- 17. Koepfli C,Mueller I,Marfurt J,Goroti M,Sie A,et al. (2008) Evaluation of Plasmodium vivax genotyping markers for molecular monitoring in clinical trials. J Infect Dis.
- 18. Genton B,Al Yaman F,Beck HP,Hii J,Mellor S,et al. (1995) The epidemiology of malaria in the Wosera area, East Sepik Province, Papua New Guinea, in preparation for vaccine trials. I. Malariometric indices and immunity. Ann Trop Med Parasitol 89: 359–376.
- 19. Genton B,Al Yaman F,Beck HP,Hii J,Mellor S,et al. (1995) The epidemiology of malaria in the Wosera area, East Sepik Province, Papua New Guinea, in preparation for vaccine trials. II. Mortality and morbidity. Ann Trop Med Parasitol 89: 377–390.
- 20. Smith T,Hii JL,Genton B,Muller I,Booth M,et al. (2001) Associations of peak shifts in age–prevalence for human malarias with bednet coverage. Trans R Soc Trop Med Hyg 95: 1–6.
- 21. Kasehagen LJ,Mueller I,McNamara DT,Bockarie MJ,Kiniboro B,et al. (2006) Changing patterns of Plasmodium blood-stage infections in the Wosera region of Papua New Guinea monitored by light microscopy and high throughput PCR diagnosis. Am J Trop Med Hyg 75: 588–596.
- 22. Schoepflin S,Valsangiacomo F,Lin E,Kiniboro B,Mueller I,et al. (2009) Comparison of Plasmodium falciparum allelic frequency distribution in different endemic settings by high-resolution genotyping. Malar J 8: 250.
- 23. McNamara DT,Kasehagen LJ,Grimberg BT,Cole-Tobian J,Collins WE,et al. (2006) Diagnosing infection levels of four human malaria parasite species by a polymerase chain reaction/ligase detection reaction fluorescent microsphere-based assay. Am J Trop Med Hyg 74: 413–421.
- 24. Havryliuk T,Ferreira MU (2009) A closer look at multiple-clone Plasmodium vivax infections: detection methods, prevalence and consequences. Mem Inst Oswaldo Cruz 104: 67–73.
- 25. StataCorp. College Station T (2007) Stata Statistical Software: Release 10.
- 26. Lunn DJ,Thomas A,Best N,Spiegelhalter D (2000) WinBUGS - A Bayesian modelling framework: Concepts, structure, and extensibility. Statistics and Computing 10: 13.
- 27. LIAN website. Available: http://adenine.biz.fh-weihenstephan.de/cgi-bin/lian/lian.cgi.pl. Accessed 2011 Nov 7.
- 28. Rodulfo H,De Donato M,Mora R,Gonzalez L,Contreras CE (2007) Comparison of the diagnosis of malaria by microscopy, immunochromatography and PCR in endemic areas of Venezuela. Braz J Med Biol Res 40: 535–543.
- 29. Harris I,Sharrock WW,Bain LM,Gray KA,Bobogare A,et al. (2010) A large proportion of asymptomatic Plasmodium infections with low and sub-microscopic parasite densities in the low transmission setting of Temotu Province, Solomon Islands: challenges for malaria diagnostics in an elimination setting. Malar J 9: 254.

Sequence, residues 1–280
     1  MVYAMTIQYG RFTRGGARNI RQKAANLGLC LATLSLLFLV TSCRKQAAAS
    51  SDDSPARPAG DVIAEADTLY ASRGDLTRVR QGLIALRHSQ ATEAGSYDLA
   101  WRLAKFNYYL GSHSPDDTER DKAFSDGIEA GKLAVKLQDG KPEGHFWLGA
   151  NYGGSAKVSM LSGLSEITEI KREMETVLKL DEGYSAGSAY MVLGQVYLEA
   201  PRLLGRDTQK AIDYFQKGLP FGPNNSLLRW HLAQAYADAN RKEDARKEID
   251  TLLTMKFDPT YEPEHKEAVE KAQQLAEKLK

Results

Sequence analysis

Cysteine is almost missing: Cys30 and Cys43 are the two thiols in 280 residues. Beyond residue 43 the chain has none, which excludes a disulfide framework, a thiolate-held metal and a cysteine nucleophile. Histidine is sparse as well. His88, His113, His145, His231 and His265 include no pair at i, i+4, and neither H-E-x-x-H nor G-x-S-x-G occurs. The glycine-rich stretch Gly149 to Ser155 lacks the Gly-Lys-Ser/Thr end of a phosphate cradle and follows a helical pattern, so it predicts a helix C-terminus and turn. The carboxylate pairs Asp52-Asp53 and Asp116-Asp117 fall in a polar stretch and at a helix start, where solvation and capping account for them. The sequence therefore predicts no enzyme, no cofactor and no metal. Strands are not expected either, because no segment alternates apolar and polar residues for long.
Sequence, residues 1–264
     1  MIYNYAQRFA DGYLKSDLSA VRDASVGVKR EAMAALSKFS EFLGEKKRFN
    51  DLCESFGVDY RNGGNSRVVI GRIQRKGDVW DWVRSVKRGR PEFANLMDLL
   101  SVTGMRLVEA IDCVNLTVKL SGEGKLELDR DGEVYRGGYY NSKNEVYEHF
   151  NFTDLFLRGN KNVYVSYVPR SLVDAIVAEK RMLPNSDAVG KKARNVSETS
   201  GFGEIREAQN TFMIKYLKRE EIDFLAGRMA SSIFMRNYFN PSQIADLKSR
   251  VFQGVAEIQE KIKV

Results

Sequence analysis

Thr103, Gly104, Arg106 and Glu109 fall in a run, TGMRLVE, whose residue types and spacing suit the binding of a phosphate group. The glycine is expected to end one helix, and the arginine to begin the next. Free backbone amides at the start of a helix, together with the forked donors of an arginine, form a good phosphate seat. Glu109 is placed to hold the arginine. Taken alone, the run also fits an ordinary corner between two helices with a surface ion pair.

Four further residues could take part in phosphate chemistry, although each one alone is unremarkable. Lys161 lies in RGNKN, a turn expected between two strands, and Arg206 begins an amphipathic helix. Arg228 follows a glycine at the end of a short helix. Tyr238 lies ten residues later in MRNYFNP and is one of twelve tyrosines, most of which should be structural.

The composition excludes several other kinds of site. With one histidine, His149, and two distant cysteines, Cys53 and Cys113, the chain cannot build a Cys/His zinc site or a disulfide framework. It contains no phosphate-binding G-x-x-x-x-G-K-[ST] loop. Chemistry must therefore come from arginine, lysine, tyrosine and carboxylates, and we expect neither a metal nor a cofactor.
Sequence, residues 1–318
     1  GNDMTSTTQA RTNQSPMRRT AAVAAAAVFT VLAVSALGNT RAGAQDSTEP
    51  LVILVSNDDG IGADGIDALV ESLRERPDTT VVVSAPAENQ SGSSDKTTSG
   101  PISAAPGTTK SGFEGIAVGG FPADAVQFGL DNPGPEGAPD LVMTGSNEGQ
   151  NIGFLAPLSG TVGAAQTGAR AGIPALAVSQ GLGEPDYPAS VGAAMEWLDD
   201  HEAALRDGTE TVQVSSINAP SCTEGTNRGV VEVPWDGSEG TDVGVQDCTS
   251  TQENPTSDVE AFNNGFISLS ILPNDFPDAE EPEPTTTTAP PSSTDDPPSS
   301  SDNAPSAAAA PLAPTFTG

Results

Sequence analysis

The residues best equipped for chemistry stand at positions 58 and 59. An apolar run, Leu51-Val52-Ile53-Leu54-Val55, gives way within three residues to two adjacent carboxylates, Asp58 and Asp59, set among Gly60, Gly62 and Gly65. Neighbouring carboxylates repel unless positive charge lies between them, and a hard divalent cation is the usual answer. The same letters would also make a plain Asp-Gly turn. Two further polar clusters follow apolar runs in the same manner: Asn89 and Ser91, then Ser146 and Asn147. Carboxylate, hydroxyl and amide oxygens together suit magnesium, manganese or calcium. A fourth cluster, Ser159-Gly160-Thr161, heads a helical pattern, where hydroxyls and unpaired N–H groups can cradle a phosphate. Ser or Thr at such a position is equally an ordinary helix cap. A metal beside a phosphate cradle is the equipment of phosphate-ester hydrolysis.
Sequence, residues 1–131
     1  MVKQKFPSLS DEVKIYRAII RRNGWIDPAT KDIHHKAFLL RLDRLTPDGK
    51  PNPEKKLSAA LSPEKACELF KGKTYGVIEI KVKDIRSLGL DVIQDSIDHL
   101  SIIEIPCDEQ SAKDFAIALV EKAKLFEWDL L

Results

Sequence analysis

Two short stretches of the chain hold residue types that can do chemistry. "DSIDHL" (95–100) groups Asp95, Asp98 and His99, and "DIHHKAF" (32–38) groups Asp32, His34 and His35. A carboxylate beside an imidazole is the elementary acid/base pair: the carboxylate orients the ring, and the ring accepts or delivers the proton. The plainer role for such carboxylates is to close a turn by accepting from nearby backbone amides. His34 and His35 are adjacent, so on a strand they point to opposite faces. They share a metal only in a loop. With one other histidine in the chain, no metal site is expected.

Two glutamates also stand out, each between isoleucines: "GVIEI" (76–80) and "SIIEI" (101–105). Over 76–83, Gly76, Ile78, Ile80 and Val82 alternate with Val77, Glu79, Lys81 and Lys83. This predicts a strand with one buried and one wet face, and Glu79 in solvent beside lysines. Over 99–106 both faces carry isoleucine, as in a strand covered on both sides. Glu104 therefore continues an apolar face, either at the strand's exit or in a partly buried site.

- 30. Garnham PCC (1966) Malaria Parasites And Other Heamosporidia. Oxford: Blackwell Scientific Publications.
- 31. Koepfli C,Schoepflin S,Bretscher M,Lin E,Kiniboro B,et al. (2011) How much remains undetected? Probability of molecular detection of human plasmodia in the field. PLoS ONE 6: e19010.
- 32. Chen N,Auliff A,Rieckmann K,Gatton M,Cheng Q (2007) Relapses of Plasmodium vivax infection result from clonal hypnozoites activated at predetermined intervals. J Infect Dis 195: 934–941.
- 33. Imwong M,Snounou G,Pukrittayakamee S,Tanomsing N,Kim JR,et al. (2007) Relapses of Plasmodium vivax infection usually result from activation of heterologous hypnozoites. J Infect Dis 195: 927–933.
- 34. Rosenberg R,Rungsiwongse J,Kangsadalampai S,Sattabongkot J,Suwanabun N,et al. (1992) Random mating of natural Plasmodium populations demonstrated from individual oocysts. Mol Biochem Parasitol 53: 129–133.
- 35. Babiker HA,Ranford-Cartwright LC,Currie D,Charlwood JD,Billingsley P,et al. (1994) Random mating in a natural population of the malaria parasite Plasmodium falciparum. Parasitology 109(Pt 4): 413–421.
- 36. Bruce MC,Galinski MR,Barnwell JW,Donnelly CA,Walmsley M,et al. (2000) Genetic diversity and dynamics of plasmodium falciparum and P. vivax populations in multiply infected children with asymptomatic malaria infections in Papua New Guinea. Parasitology 121(Pt 3): 257–272.
- 37. Smith T,Maire N,Dietz K,Killeen GF,Vounatsou P,et al. (2006) Relationship between the entomologic inoculation rate and the force of infection for Plasmodium falciparum malaria. Am J Trop Med Hyg 75: 11–18.
- 38. Ferreira MU,Karunaweera ND,da Silva-Nunes M,da Silva NS,Wirth DF,et al. (2007) Population structure and transmission dynamics of Plasmodium vivax in rural Amazonia. J Infect Dis 195: 1218–1226.
- 39. Van den Eede P,Erhart A,Van der Auwera G,Van Overmeir C,Thang ND,et al. (2010) High complexity of Plasmodium vivax infections in symptomatic patients from a rural community in central Vietnam detected by microsatellite genotyping. Am J Trop Med Hyg 82: 223–227.
- 40. The malERA Consultative Group on Modeling (2011) A research agenda for malaria eradication: modeling. PLoS Med 8: e1000403.